Bank of Americas’s stock beat a bit of a retreat today as its so called $8.5 billion settlement came under increased fire. Frankly, the number of objections filed prior to late afternoon yesterday and today meant it was dead in its current form. At best, it would take a two or three years and a bigger price tag for any deal to be concluded (although we are in the skeptics’ camp, particularly as far as the currently overly broad waiver of liability is concerned).
Nevertheless, the latest developments pound more nails into the coffin. Yesterday, as we noted, the FDIC filed a minimalist objection, saying the disclosures were inadequate for it to know whether it would oppose the deal or not. Today, a suit by several homeowners, supported by the National Consumer Law Center, flagged an issue that we highlighted in our initial comments on the deal: that the settlement included provisions to manage foreclosures to strict timetables, designed to speed them up. That was one of the “gimmies” to investors, and homeowner advocates are none too happy. Per the New York Times:
On Tuesday, several homeowners filed suit in the Federal District Court in Manhattan seeking to block a proposed $8.5 billion settlement between Bank of America and major mortgage investor..The suit claims that the deal fails to address widespread servicing problems and would actually speed up foreclosures..
“There is a growing realization that this settlement needs more scrutiny,” said Keith Fleischman, the lawyer for the four homeowners in the suit. “It needs to address the housing crisis itself.”
Lawyers for the National Consumer Law Center said in a report prepared as part of the suit that the proposed settlement “will speed up foreclosures, perpetuate existing servicing abuses in the system, and undermine federal programs designed to stabilize the housing market.”
“The touted servicing ‘improvements’ aim to increase the speed of foreclosures but fail to set standards to protect homeowners from wrongful or unnecessary foreclosure or abusive servicing,” they added.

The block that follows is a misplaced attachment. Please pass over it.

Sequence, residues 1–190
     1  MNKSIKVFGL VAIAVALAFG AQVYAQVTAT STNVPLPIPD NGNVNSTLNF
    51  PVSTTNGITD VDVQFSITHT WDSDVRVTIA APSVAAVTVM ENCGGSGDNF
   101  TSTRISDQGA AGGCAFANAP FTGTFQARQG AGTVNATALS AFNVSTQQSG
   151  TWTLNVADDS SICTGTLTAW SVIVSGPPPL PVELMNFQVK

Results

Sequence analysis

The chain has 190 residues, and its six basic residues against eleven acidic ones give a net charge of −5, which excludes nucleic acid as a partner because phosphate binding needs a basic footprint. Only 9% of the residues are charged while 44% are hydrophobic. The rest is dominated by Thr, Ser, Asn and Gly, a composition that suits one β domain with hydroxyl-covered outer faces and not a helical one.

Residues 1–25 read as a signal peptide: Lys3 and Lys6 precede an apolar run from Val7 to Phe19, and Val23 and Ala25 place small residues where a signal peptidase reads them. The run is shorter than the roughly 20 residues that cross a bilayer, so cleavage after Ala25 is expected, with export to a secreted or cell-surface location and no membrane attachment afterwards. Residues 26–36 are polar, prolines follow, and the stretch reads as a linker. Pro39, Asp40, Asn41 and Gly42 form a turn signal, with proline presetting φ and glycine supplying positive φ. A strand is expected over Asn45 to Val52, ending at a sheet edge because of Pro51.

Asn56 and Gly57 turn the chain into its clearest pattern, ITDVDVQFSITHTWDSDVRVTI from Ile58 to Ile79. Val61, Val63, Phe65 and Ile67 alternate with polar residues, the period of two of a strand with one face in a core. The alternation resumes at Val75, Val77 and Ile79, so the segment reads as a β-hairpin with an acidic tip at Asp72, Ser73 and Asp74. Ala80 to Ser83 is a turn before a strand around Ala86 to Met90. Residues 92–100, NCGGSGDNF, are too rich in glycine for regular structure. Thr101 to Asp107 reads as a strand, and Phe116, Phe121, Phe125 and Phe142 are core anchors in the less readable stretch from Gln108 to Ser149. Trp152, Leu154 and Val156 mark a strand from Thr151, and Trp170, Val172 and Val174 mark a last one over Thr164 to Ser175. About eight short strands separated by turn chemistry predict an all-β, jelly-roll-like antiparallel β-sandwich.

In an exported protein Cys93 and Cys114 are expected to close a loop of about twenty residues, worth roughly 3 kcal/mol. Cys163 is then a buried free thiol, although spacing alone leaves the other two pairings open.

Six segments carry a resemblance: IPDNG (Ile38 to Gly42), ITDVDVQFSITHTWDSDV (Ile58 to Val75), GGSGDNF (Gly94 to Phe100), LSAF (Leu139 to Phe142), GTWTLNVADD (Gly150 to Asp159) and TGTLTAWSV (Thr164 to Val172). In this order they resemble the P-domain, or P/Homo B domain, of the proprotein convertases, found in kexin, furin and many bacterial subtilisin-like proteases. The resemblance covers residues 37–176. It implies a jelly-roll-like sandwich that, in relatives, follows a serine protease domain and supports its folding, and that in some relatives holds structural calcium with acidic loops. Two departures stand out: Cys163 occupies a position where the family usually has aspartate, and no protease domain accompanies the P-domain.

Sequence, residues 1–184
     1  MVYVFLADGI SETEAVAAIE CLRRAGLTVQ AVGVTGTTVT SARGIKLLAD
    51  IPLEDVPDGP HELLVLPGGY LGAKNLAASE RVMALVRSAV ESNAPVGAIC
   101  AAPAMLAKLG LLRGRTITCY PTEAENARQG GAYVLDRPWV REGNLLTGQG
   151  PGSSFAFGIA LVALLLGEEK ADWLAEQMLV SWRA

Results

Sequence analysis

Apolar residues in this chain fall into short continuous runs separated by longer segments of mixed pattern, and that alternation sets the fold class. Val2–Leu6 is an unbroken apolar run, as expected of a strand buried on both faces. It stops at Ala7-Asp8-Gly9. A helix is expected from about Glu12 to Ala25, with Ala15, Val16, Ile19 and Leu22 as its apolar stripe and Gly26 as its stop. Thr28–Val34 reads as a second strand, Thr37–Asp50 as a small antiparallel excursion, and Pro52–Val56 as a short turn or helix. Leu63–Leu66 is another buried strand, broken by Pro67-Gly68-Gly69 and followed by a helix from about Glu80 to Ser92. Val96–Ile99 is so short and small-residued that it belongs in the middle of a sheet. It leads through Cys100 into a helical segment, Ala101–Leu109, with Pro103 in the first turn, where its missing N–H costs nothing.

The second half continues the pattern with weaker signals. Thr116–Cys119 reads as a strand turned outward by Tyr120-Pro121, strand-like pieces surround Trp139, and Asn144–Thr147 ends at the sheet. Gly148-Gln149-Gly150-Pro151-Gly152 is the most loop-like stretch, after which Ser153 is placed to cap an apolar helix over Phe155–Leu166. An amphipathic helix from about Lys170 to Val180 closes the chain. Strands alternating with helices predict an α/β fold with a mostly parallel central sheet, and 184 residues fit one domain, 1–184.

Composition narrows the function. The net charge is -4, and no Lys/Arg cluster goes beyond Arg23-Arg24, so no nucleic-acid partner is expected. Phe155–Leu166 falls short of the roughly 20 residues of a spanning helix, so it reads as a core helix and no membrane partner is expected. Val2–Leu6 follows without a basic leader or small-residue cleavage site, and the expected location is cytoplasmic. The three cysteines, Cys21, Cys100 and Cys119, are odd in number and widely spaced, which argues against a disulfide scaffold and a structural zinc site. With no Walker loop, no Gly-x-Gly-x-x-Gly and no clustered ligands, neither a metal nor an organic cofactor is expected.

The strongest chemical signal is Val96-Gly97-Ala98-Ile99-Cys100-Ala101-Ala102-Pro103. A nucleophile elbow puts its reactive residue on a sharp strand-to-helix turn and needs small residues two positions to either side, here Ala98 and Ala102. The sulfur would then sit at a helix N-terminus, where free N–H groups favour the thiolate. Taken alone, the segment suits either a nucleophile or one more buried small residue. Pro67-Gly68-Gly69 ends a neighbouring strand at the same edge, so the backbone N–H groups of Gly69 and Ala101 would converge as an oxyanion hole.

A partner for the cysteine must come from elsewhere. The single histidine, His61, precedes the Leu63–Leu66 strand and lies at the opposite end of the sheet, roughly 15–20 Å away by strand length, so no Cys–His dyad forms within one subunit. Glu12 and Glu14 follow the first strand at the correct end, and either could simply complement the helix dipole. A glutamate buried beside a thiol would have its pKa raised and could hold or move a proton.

The Times story, as almost an aside, mentioned another legal development which appears significant:
On Tuesday, U.S. Bancorp, the trustee of a $1.75 billion mortgage pool originated by Countrywide in 2005, filed a lawsuit to force Bank of America to buy back the underlying mortgages, arguing the loans were made without proper documents and didn’t conform to underwriting standards.
This matters because the $8.5 billion settlement involves pretty much all, if not all, of the Countrywide mortgage securitizations which had Bank of New York as trustee. As we pointed out, citing research by Adam Levitin, BoNY was the house trustee for Bank of America’s RMBS, and could therefore be expected to be particularly accommodating to any requests made by Bank of America. The fact that a different trustee isn’t playing ball and instead is putting back loans would seem to strengthen the case of attorneys general Eric Schneiderman and Beau Biden, both of whom questioned the role Bank of New York was playing in the deal (it was getting an expanded indemnification from Bank of America, which is tantamount to a bribe).
As Tom Adams noted via e-mail,
This proposed $8.5 billion settlement has turned out to be a disaster for BofA – it has prompted discovery and crystalization of a whole host of other claims. Since it seems likely, especially given the Fed’s and Fannie’s presence in the settlement group, that the administration favored this settlement, it is also a bit of a disaster for the administration’s attempt to sweep the MBS problems under the rug.
We’ve long felt that there is still enough of an independent judiciary in the US to make it impossible to bury the widespread abuse of legal procedures that took place in the mortgage boom and its aftermath. So these setbacks to Bank of America offer hope that enough of the rule of law is operating to impede at least some aspects of the banking industry’s combined pillage/coverup operation.